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  Tuesday January 27th, 2015    

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Cow comfort improved in compost dairy barns (02/23/2006)
by Marcia Endres, University of Minnesota Extension Service

Many compost dairy barns are being built in Minnesota, but there are still many questions about these barns.

Therefore, we at the University of Minnesota decided that the first step to learning more about how compost barns were functioning was by interviewing producers using the system. During this process we also collected bedding and milk samples, observed and evaluated cow behavior, summarized cow records, and scored cows for locomotion, body condition, hygiene and hock lesions.

Results so far have shown that compost barns can be a very good alternative for housing dairy cows. Like any system, they require optimum management to work properly. Special attention should be given to milking prep procedures and maintenance of minimum space per cow (ideally more than 85 sq. ft/cow) to avoid high levels of somatic cell counts (SCC).

Some herds have been able to achieve low levels of somatic cell counts (SCC) in this system. The SCC range on 11 farms was from 200,000 to 650,000, with an average of 325,000. So there is still room for improvement.

Excellent cow prep milking procedures are a must, especially with a compost dairy barn facility. Bedding bacterial counts averaged over nine million colonies, with some culture results as high as 23 million. It is also important to aerate the pack at least two times per day to eliminate cow pies and dry the bedding surface.

Most producers mentioned cow comfort and longevity as the main reasons to adopt this housing system. We scored cows for locomotion and hock injuries as indicators of cow comfort. We were pleased to find that only 0.97% of cows had swollen hocks. That compares with 1.8% for sand stalls and 14.1% for mattress stalls in a study we conducted last year.

Even more dramatic are the results we found for lameness prevalence. Only 7.8% of the cows were lame, with two herds having no lame cows at the time of our visit. That compares very favorably to 24.6% lameness prevalence in a study we recently conducted with cows housed in free stalls. This is a strong indication that cow comfort is improved in compost dairy barns.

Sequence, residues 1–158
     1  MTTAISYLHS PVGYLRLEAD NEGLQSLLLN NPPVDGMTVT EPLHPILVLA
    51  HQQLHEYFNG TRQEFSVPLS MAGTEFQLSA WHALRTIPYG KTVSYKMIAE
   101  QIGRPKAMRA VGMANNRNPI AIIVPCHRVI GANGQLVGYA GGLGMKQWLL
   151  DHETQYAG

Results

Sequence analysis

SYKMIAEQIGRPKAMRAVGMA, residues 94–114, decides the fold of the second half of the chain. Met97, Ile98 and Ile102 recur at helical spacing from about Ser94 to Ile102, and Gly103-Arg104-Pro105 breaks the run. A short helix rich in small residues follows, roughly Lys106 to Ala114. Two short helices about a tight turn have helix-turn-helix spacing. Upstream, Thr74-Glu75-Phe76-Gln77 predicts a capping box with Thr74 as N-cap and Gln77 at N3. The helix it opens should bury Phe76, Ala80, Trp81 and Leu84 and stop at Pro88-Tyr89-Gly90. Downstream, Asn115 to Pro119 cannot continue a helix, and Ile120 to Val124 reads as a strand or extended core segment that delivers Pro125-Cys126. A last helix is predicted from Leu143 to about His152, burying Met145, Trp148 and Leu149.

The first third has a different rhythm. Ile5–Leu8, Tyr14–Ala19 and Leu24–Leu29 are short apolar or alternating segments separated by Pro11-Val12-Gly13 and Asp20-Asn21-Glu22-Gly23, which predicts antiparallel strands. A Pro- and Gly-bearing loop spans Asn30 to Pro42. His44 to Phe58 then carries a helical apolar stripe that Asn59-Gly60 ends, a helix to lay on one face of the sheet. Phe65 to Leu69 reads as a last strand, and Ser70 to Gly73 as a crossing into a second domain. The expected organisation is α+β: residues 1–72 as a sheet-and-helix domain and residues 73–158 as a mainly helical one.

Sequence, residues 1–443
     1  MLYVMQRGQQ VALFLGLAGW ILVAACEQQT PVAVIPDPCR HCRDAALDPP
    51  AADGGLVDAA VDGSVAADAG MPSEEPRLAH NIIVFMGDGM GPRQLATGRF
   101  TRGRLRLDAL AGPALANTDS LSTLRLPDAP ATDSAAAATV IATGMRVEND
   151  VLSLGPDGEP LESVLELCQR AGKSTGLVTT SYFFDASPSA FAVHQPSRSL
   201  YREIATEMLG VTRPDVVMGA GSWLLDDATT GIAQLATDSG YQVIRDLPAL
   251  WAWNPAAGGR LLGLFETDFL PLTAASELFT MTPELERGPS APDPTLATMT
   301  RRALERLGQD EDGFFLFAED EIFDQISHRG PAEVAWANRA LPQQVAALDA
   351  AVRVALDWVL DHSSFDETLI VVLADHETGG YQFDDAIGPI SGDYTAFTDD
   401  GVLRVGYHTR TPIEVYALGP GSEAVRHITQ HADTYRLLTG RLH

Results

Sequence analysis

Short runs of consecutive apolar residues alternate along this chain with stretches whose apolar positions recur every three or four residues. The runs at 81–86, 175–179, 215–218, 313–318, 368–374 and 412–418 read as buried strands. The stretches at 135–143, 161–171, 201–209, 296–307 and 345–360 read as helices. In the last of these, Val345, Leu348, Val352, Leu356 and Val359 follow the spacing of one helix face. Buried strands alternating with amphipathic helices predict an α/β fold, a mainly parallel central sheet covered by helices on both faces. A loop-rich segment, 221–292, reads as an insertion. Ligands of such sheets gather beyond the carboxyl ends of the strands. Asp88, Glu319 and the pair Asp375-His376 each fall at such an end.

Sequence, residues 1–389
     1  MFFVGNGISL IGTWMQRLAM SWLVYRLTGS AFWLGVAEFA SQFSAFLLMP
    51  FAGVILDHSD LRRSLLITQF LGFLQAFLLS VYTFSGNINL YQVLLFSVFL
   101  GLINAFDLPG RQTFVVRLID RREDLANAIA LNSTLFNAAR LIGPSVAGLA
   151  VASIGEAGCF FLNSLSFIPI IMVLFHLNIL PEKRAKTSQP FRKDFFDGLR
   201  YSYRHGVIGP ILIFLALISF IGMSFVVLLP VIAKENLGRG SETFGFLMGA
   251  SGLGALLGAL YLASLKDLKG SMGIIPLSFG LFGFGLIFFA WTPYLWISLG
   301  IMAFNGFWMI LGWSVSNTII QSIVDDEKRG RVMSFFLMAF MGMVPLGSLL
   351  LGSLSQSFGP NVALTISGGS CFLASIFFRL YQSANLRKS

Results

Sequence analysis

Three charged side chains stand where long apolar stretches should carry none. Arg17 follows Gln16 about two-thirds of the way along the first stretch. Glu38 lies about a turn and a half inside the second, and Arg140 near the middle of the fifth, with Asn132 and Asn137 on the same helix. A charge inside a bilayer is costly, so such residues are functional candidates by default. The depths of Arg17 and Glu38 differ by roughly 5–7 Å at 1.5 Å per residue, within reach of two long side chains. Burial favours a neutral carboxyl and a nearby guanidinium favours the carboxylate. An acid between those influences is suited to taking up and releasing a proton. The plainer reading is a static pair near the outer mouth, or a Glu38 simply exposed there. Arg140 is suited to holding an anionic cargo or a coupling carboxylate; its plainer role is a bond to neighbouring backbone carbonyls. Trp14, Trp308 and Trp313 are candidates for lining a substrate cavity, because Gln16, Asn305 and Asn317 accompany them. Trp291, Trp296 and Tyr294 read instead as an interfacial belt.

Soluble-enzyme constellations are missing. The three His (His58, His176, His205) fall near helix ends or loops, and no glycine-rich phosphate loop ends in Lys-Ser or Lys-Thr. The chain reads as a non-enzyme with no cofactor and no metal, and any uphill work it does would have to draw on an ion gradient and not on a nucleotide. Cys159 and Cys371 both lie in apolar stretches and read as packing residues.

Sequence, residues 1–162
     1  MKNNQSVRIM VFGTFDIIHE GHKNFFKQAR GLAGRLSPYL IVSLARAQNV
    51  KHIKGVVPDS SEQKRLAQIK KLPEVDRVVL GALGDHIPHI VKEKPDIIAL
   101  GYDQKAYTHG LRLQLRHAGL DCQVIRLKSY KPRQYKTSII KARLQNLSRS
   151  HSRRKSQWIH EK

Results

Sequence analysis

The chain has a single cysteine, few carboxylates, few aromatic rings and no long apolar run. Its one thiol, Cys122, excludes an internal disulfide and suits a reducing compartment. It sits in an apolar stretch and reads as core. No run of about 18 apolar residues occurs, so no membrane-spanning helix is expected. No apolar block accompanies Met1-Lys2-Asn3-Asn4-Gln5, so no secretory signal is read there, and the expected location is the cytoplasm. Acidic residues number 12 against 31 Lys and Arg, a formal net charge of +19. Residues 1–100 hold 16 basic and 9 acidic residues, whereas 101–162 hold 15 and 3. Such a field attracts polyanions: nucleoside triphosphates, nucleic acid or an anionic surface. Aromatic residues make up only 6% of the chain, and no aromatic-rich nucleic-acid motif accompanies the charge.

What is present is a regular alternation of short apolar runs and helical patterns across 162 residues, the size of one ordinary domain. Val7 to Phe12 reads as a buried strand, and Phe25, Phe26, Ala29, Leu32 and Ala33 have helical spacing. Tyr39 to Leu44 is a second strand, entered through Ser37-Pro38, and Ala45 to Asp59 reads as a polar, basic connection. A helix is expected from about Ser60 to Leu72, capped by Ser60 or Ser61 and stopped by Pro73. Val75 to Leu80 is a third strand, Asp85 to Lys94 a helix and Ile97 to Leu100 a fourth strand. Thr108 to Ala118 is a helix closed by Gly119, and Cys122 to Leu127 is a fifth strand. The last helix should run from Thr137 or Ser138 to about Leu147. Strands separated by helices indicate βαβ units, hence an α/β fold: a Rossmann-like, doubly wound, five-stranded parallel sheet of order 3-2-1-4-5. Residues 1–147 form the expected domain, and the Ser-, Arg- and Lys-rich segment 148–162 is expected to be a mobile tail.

One concern expressed by some producers and their veterinarians was dust, which could cause eye irritation or pneumonia. This raises the question about air quality in these barns, and our team has submitted grant proposals for studies that will include air quality analysis.

For the producers we interviewed, bedding availability was their main concern. Most producers inquired about other sources of bedding, besides sawdust. We plan on conducting follow-up studies to investigate other materials. We have been contacted by a couple of dairy producers who are using ground soybean straw with success. One of the producers indicated that the material is actually less dusty than sawdust and can be stirred as well as sawdust.

However, our University of Minnesota agronomists and soil scientists are concerned about the removal of straw from the fields and the resulting negative carbon credits. One of the soil scientists also cautions that, "With soybean straw, harvesting it from sloping fields is not recommended, since there would be nothing left to protect the soil from erosion."

These results are part of a presentation during the annual Minnesota Dairy Days held in January, 2006 at nine locations around the state. The results will be posted in our website http://www.extension.umn.edu/dairy/dairydays06" 


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